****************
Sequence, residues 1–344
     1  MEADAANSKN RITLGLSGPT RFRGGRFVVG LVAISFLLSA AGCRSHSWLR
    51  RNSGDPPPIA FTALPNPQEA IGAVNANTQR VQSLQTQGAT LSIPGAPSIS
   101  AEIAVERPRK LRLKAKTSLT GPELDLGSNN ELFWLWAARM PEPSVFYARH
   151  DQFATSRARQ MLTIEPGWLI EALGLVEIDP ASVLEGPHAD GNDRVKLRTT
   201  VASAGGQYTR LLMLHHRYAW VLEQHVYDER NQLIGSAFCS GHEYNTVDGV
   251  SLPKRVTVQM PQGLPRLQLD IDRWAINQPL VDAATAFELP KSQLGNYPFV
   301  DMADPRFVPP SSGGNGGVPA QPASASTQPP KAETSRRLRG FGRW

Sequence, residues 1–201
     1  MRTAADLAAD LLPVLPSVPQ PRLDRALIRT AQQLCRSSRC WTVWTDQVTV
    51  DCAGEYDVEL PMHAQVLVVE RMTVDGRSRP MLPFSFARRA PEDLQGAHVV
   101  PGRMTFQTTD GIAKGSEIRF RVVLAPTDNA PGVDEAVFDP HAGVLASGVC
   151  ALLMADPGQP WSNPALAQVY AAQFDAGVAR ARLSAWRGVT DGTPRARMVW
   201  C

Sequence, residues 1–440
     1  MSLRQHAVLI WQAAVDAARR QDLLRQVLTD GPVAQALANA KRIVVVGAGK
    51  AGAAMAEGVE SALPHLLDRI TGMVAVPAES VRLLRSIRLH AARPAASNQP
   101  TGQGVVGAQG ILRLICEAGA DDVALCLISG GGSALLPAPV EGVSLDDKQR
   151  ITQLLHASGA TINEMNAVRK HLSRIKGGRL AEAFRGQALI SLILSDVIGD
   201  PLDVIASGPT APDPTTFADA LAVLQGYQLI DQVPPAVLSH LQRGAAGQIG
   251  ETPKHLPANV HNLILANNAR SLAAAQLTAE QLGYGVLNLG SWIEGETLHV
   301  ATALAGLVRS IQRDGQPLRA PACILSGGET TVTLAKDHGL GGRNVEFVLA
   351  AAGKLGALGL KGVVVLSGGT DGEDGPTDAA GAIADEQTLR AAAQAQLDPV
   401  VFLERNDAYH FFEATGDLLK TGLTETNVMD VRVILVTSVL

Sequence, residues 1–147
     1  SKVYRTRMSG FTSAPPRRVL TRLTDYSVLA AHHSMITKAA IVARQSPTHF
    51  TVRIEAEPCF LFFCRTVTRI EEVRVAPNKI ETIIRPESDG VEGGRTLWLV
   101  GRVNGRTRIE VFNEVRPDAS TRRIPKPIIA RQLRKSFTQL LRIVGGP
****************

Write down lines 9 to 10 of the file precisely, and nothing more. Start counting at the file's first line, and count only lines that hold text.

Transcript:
Sequence, residues 1–201
     1  MRTAADLAAD LLPVLPSVPQ PRLDRALIRT AQQLCRSSRC WTVWTDQVTV